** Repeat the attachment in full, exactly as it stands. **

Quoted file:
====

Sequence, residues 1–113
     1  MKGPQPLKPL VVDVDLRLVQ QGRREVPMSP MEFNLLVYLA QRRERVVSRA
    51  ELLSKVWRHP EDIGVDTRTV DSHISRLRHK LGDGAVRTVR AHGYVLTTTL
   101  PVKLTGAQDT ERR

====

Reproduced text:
Sequence, residues 1–113
     1  MKGPQPLKPL VVDVDLRLVQ QGRREVPMSP MEFNLLVYLA QRRERVVSRA
    51  ELLSKVWRHP EDIGVDTRTV DSHISRLRHK LGDGAVRTVR AHGYVLTTTL
   101  PVKLTGAQDT ERR